How I hitchhiked from San Jose to Quepos in Costa Rica
It was the beginning of December and I was excited to backpack through Central America, starting from Panama City and making my way up to Belize. Visiting some of the best sights of Panama, Costa Rica, Nicaragua, Guatemala and ending in the Caribbean nation of Belize, while skipping El Salvador and Honduras in the middle.
With cheap flights in the region, and wanting to spend more time in Costa Rica, I decided to fly from Panama City to San Jose on Copa Air costing just $49 one way! I was to arrive at San Jose airport (SJO) at 5:00pm, and wanted to go directly to Quepos on the Pacific coast, about 160km or 3 hours away by car.
[Juan Santamaria airport (SJO) to Quepos]
Past 6pm, there are three options to do this:
- Take a private car (perhaps arranged by your hotel) for US$200, one way.
- Take the bus that takes about 4 hours, stopping in towns on the way.
- Take a taxi from the airport that costs about US$150-200, but might not be easy as most taxis would not want to go all the way to Quepos.
Since I was on a budget trip, I was not going to spend US$200 for a taxi or car, which left me with the option to take the bus. The one company (Puntarenas) that runs between SJO airport to Quepos had last bus at 4:30pm. Alright, I was screwed!
I could have stayed back in San Jose that night and headed to Quepos next morning, but I had already booked Manuel Antonio park tour starting at 8am, so I was adamant to reach Quespos that evening. This is when I recollected reading some blogs that hitchhiking in Costa Rica was a good option; while the next thought was about that other blog I had read, saying it is not safe! But first things first is what I said to myself – let’s go to the bus station in San Jose and maybe, just maybe I can find a bus going to Quepos. After all it’s a bus station, so I may have options from there.
Heading out of the airport, I met with some German travelers and we took a shared taxi from the airport to San Jose bus station, about 18km away, taking one hour.
[San Jose bus terminal]
It was after 7pm when I reached the terminal and as my bad luck would have it, there were no buses leaving after 5pm, not even the shared taxis waiting outside. I was about to give up and stay in San Jose, when I heard this guy come up to me and asking where I was heading. Obviously, he wasn’t going to Quepos but to Jaco, and offered a “seat” in the back of his pickup truck, for free! Worried about finding my way from Jaco to Quepos, I was reluctant on getting in the truck; and perhaps finding that one person going to Quepos and not charging an arm or leg.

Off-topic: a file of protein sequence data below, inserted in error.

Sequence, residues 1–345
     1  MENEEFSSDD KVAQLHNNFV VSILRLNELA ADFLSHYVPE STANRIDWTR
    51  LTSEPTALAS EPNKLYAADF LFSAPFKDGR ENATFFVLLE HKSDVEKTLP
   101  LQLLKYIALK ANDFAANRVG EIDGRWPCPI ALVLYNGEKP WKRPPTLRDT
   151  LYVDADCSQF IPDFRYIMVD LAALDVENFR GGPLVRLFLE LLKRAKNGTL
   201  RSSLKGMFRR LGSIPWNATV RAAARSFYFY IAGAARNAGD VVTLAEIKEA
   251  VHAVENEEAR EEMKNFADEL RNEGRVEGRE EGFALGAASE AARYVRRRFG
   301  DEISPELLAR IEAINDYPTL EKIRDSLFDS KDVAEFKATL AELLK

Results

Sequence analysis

Another 20 minutes in hunting for someone going to Quepos, the same guy walks to me and asks “Me voy. ¿Quieres venir o no?” I knew it was now or never, so feeling all adventurous, I jumped in the pickup truck, held my backpack and sat next to a kid who was with his mother and two goats! With a lot of apprehension I reassured myself that it will be okay and I will not be kidnapped or mugged along the way!
Being optimisitc, I assumed it will be about 2 hours to Jaco if we go at a steady pace. But about 40 minutes on the road, we had a flat tire. No worries, this is just a minor setback, I said to myself; and it actually was, just adding another 20 minutes to my arrival time. Another 30 minutes and hell broke loose when it started to pour down like the skies had gulped all the water in the world! My fellow companions were smart and fast enough to pull out huge plastic sheets and duck under them, while pulling the goats in them too! Feeling very thankful to have them with me, I tucked myself in the middle while holding my backpack in my arms, preventing it from getting soaked in the water. This is when one of the goats started to panic and jumped on my backpack, wanting to keep dry!!
Luckily the pickup truck didn’t get flooded and had some outlet to let the water out. And the driver didn’t care about the goods (read humans & goats) he was carrying, kept pace on the bumpy road. The pitch dark highway and the torrential rains drained my energy and hopes of getting to Quepos that night. But the rains stopped after 20 minutes and I reached Jaco at about 9:45pm.
I requested the driver to drop me to the bus station, again hoping to catch a local bus or taxi to Quepos. This is when I was told by the kid sitting next to me that the bus station was practically closed with no buses leaving anytime before 5am next day! And not wanting to spend anymore on taxi to Quepos, I was recommended to get down at the highway and hitchhike! And that’s what I decided to do.
Hitchhiking can be strenuous because not everyone want to give a lift to strangers waiting by the street side. But I was determined to get to Quepos, so I stood by the street, pointing my thumb out for anyone to stop and offer me a ride. About 45 minutes on the highway, I was about to call it a night and spend money on a taxi; or maybe stay the night in Jaco and take the bus early morning. This is when an elderly British couple stopped by and luckily they were off to Quepos!
After a brief introduction and me getting in the car, I narrated my adventure and the kind lady gave me a stare and said “you are out of your f***king mind to do what you’ve done,” and gave some insights on how it could be extremely dangerous to even think about doing what I did. Completely drained, yet relieved, I just smiled and kept quiet. Sharing some more stories on travels, I was at my hotel in Quepos at about 11:45pm.
[Sunrise from my room in Quepos]